Pope Preaches on the Mount
Mar. 24, 2000
KORAZIM, Israel (AP) _ Pope John Paul II's blessings on the Mount of Beatitudes, harking back 2,000 years and wafting off over the Sea of Galilee, sent a huge crowd of fellow pilgrims into religious reverie.
``We feel like Christ is here again, in the leader of our church, and the whole world can see,'' Sister Rosemary of Jordan exulted Friday as she stood in a drizzle, her sensible black shoes stuck firmly to chocolate-brown mud.
Life has changed in this bleakly beautiful northern corner of the Holy Land, where Jesus told the multitudes that the good were blessed, peacemakers would be rewarded and the meek would inherit the earth.
Down below, amid a spreading rash of multistory beach hotels and schlock souvenir shops, an Israeli developer nearly built a 150-yard-long crescent-shaped submerged platform so tourists can walk on water. The project, first approved, was abandoned.
Up above the sacred mount, Korazim is now merely the ruins of a biblical-era Jewish town which Christ criticized for its lack of godliness.
But the 79-year-old pontiff brought a fresh breath of Christian faith, his voice rising clear and firm above perhaps 100,000 people who packed an open plain and the surrounding hillsides.
``Now, at the dawn of the third millennium, it is your turn to go out into the world to preach the message,'' he said in a Mass aimed at young people.
John Paul began his two-stage Jubilee pilgrimage late in February at Mount Sinai, where, the Bible says, God gave Moses the Ten Commandments. The Mount of Beatitudes, the pope said, was the second great landmark on the road to Christianity.
Flags and banners from scores of nations swirled above the crowd, most of whom had been up since not long after midnight. Israeli organizers, scrupulous about security, sealed roads early. Crowds walked from buses parked far away.
Eldy Andrade's group of 170 young people from Cochabamba, Bolivia, dozed until the pontiff's appearance snapped them awake. They came directly from Ben Gurion Airport after a three-day calvary.
``We haven't slept in three days,'' said Andrade, a travel agent. Their flight from Bolivia to Rome was grounded for repairs. They found a new charter to Madrid but then had to book another ride to their charter in Rome.
``Of course, it was worth it,'' she said. ``We love the pope. We saw him in Rome in 1995 and Paris in 1996. The youth today are growing more spiritual. They are hungry, and they need faith.''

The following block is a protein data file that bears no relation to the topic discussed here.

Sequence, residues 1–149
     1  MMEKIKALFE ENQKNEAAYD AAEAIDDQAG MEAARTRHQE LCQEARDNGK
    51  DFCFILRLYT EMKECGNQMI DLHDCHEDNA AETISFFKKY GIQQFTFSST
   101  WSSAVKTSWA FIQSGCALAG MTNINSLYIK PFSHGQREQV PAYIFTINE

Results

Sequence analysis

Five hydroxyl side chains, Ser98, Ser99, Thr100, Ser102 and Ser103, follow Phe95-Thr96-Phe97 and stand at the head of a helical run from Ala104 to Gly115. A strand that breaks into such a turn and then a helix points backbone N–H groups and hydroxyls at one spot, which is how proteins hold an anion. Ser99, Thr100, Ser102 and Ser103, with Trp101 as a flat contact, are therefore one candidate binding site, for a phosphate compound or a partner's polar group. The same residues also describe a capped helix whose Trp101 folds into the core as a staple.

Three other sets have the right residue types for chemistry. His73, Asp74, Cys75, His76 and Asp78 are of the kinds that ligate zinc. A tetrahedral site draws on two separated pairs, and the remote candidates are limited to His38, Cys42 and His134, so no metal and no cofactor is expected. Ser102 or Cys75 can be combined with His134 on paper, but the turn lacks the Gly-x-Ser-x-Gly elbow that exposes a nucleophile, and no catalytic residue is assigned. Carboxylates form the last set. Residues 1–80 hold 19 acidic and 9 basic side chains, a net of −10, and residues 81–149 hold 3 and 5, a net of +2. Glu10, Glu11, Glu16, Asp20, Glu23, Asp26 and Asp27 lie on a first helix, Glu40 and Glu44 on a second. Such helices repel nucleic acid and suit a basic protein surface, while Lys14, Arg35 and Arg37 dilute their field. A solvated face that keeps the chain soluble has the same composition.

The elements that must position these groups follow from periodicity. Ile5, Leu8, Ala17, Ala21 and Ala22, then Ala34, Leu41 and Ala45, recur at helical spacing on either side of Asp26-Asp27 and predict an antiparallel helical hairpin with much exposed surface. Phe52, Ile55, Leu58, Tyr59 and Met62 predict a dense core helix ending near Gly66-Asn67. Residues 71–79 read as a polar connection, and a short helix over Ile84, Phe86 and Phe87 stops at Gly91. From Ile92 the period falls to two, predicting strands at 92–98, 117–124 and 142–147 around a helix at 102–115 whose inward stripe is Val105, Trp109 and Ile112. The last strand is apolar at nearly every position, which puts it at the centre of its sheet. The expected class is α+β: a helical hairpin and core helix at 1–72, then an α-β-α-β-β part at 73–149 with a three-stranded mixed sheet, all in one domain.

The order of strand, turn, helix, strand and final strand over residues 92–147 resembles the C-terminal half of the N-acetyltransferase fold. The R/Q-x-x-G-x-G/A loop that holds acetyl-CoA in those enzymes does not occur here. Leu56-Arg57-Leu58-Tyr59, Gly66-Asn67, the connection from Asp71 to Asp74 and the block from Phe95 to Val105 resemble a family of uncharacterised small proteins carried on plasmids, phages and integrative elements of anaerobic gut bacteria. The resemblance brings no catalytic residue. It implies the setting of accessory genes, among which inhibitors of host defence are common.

John Paul took pains to encourage the young, who might be facing hard times in a complex, modern world. ``Blessed are you who seem to be losers,'' he said, ``for you are the true winners.''
The 13 sisters of Mary Mother of the Eucharist, of Ann Arbor, Michigan, lucked into the papal visit. Sister Maria Faustina Showalter said they made a Jubilee year pilgrimage, as the Holy Father asked, and happened to coincide with him.
``Imagine, to be at the Mount of Beatitudes, with the vicar of Christ and the multitudes,'' she said. ``I have to keep pinching myself.''
Local residents were less involved.
Adi Tiecher, a 19-year-old Israeli student, scrambled to fill snack bar orders at a pilgrims' campsite on the Sea of Galilee. Asked her opinion of the imminent papal visit, she looked up in amazement. ``He's coming?'' she replied. ``Here?''
Many young people brought guitars, drums and picnics. As the hours dragged on from first light until the Mass began at 11 a.m., the vast field was pocked with unrolled garbage bags, flat cardboard boxes and food wrappers.
As each security helicopter circled overhead, the crowd waved flags, like a cargo cult trying to lure it to the ground. Ecstatic pandemonium broke out when John Paul finally rode up a center aisle in his popemobile.
He said Mass in a high-backed chair under a peaked canvas roof, like a Bedouin tent. After communion, and his departure, groups sang and danced in the sloppy mud.
Not everyone had pure religion in mind. Many at the crowd's edged flirted, joked or yelled into cell phones. Vendors sold juices and cakes, despite an appeal for no eating or smoking. The mood was part Woodstock and part World Cup.
Several youths painted their hair in yellow and white, as if they were supporters of a Vatican soccer team.
Under a huge Brazilian flag, landscaper Mario Luiz Silva wore a towering foam rubber top hat in the green and yellow. ``I have come a long way to praise God,'' he said. ``Religion is very important to our lives.''
Asked if he would still be here if, say, Brazil was playing Italy somewhere else in a World Cup final, he grinned and shook his head in a vigorous no.
``That would be a much bigger party,'' Silva said.